Hong Kong’s Securities and Futures Commission (SFC) is proposing a sandbox approach to cryptocurrency regulation. The idea was tabled by SFC chief executive Ashley Alder during a speech to delegates at this week’s Hong Kong Fintech Week 2018.
Alder said Hong Kong has seen the arrival of some of the worlds biggest platforms but there exists “a sizeable population of investors who have an interest in trading virtual assets through unregulated trading platforms”. A sandbox approach would allow the regulator to discover if it would be appropriate for crypto exchange operators to be regulated, Alder argued.
“If, and only if, we decide at the Sandbox stage that we should regulate, we would consider granting a license… the platform would then be subject to intensive reporting and monitoring to ensure that strict internal controls operate as expected and investor interests are protected.”
In a recent survey conducted by the Hong Kong Blockchain Association (HKBA), it was revealed that 23% of Hong Kong residents would consider investing in cryptocurrencies, given a recession. The response was based on the fact that many respondents anticipated a downturn in the world economy within the next year. Reportedly, a large portion of those surveyed would consider investing in cryptocurrency, despite their current concerns about digital currencies outweighing their potential advantages. Relevant to SFC concerns expressed at the Hong Kong Fintech Week was the fact that 60% of the respondents indicated that they felt that clear regulations and proper licensing laws were needed for cryptocurrency exchanges.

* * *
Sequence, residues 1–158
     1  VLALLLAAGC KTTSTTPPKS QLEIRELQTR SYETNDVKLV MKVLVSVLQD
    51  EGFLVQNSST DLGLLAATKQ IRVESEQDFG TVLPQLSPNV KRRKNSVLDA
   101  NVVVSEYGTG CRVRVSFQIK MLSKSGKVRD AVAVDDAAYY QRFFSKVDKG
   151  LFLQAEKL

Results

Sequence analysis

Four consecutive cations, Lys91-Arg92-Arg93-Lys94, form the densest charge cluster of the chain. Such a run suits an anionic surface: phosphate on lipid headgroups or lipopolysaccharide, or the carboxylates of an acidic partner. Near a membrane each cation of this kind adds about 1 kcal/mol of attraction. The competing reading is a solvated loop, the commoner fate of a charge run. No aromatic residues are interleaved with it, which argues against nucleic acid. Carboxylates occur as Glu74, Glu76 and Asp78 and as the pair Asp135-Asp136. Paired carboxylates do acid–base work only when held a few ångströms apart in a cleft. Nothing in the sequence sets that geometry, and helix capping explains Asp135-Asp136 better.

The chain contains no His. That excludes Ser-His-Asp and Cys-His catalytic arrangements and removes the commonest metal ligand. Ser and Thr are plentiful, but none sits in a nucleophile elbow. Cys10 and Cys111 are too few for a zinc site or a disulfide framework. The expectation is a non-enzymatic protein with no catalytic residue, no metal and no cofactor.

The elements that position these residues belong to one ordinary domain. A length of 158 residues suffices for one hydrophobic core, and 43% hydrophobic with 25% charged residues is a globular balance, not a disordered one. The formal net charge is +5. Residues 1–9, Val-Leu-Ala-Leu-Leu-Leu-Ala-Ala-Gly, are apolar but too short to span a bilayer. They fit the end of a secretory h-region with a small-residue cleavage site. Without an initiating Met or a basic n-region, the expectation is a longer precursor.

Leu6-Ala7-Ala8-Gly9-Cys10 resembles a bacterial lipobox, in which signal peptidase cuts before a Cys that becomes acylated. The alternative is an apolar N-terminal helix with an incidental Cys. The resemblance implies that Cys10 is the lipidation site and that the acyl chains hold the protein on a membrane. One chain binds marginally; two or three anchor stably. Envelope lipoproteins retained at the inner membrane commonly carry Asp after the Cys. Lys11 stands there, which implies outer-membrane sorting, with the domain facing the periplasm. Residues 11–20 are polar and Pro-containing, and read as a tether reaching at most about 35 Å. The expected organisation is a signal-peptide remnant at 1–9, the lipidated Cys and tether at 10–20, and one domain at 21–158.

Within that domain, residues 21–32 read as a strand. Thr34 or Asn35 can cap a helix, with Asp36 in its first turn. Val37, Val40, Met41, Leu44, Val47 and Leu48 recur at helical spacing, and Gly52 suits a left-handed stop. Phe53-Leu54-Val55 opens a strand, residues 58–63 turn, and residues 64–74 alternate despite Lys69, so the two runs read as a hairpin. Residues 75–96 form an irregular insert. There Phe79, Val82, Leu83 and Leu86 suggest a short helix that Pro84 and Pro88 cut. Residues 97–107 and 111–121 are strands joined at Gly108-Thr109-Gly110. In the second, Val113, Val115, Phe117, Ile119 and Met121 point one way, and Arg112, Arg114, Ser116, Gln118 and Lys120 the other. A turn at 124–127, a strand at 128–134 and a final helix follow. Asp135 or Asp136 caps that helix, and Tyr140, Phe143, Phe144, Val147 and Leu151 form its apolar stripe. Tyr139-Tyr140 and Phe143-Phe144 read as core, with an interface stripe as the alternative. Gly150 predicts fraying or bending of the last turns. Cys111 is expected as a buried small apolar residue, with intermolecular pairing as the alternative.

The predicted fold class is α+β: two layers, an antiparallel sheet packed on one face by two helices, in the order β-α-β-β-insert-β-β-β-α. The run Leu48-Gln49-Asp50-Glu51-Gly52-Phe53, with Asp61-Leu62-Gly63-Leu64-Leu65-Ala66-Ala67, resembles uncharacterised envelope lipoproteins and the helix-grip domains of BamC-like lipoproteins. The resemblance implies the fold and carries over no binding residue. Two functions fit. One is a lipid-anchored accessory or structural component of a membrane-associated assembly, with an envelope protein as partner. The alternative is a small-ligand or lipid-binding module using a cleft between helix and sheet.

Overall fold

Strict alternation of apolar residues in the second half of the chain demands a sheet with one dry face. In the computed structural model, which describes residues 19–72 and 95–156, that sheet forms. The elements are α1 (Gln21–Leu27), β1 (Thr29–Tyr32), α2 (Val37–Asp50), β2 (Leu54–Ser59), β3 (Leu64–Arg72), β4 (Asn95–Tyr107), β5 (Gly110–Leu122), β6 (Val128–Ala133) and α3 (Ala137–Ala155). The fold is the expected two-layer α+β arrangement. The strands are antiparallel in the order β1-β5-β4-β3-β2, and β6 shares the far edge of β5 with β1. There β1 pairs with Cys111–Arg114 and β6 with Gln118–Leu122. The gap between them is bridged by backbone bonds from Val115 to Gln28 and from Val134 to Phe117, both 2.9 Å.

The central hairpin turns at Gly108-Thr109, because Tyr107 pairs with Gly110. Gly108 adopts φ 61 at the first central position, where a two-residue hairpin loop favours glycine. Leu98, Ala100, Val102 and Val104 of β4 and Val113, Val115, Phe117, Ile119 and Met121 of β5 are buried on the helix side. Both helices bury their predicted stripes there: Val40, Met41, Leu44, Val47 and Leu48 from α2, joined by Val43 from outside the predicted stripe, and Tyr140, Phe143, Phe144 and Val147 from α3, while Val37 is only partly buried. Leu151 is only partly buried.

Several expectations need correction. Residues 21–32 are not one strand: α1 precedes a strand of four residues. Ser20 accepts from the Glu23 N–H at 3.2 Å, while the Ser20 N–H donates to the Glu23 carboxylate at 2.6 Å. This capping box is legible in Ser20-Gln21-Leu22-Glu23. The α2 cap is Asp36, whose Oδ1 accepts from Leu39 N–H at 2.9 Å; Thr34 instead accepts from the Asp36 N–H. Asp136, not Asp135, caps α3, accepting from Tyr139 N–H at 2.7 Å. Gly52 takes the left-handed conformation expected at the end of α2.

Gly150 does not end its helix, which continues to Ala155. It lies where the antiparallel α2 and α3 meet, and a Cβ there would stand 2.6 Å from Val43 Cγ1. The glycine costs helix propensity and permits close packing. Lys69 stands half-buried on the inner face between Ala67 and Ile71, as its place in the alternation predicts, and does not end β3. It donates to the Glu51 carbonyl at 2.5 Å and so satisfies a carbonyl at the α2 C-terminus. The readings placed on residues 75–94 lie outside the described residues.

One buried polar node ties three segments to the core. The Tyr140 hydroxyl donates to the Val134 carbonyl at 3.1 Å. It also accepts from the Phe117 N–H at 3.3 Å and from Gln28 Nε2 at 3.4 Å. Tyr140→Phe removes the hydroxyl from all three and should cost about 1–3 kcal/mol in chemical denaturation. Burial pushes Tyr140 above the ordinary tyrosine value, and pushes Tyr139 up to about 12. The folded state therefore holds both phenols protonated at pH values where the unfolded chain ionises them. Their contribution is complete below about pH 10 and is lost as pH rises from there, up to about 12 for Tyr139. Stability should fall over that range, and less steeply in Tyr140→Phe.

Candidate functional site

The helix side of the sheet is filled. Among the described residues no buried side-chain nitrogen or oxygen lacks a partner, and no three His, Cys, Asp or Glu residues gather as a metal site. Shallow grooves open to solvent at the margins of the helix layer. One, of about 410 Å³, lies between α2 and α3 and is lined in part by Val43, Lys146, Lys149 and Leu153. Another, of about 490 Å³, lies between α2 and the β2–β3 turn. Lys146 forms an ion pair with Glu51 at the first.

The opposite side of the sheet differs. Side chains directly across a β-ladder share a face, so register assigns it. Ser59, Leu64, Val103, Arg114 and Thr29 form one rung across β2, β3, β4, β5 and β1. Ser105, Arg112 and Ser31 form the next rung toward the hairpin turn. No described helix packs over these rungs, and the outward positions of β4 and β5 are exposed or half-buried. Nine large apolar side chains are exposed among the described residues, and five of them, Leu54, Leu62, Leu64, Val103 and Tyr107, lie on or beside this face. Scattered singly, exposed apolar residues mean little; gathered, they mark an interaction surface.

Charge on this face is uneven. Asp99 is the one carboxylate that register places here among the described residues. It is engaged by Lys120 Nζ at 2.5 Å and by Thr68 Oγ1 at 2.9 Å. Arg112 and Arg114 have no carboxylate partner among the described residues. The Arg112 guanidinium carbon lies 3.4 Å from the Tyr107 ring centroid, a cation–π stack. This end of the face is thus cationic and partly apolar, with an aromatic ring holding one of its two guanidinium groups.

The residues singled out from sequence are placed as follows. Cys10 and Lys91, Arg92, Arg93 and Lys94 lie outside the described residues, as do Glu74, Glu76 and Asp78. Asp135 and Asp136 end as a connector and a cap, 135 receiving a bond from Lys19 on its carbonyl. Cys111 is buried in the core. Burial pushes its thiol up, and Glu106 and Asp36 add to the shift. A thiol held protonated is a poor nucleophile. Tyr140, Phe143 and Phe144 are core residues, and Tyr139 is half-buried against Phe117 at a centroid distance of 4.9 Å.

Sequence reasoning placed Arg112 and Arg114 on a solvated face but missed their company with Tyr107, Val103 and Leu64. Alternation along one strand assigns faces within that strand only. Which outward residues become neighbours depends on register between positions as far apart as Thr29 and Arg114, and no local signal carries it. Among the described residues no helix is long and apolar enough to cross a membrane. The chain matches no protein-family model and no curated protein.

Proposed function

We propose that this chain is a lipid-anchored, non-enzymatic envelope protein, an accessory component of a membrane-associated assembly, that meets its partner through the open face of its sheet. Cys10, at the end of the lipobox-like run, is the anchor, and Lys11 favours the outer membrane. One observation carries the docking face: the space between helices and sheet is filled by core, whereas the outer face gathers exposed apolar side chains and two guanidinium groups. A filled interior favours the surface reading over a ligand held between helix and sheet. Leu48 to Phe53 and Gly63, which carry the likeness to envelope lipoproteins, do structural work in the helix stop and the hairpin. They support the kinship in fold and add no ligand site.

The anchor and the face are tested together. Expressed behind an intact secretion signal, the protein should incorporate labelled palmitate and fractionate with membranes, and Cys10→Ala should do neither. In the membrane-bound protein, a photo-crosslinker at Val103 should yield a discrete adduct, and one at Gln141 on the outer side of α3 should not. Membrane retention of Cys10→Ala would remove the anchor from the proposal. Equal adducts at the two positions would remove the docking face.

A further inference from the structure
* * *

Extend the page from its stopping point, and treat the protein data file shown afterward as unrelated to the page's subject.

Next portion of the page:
Alder said that the SFC had plans to clarify new regulatory standards for fund managers and that those investors coming on board with a mixed portfolio of more than 10% of virtual assets would need to follow the new requirements, regardless of whether the assets were “securities” or “futures contracts”. In the meantime, only professional investors should be allowed to trade until further guidance from the regulator is made public. The sandbox idea appears to fill in the cracks until more lasting regulatory plans can be formulated. In February the SFC said that it would crack down on unlicensed cryptocurrency exchanges.
Meanwhile, the blockchain sector is beginning to feel the pinch with a lack of qualified professionals to fill positions. A “talent list” has been issued by the Government of the Hong Kong Special Administrative Region in which it states that it needs “quality people from around the world in a more effective and focused manner to support Hong Kong’s development as a high value-added and diversified economy”. Among the 11 professions on the new list are those with DLT skills.
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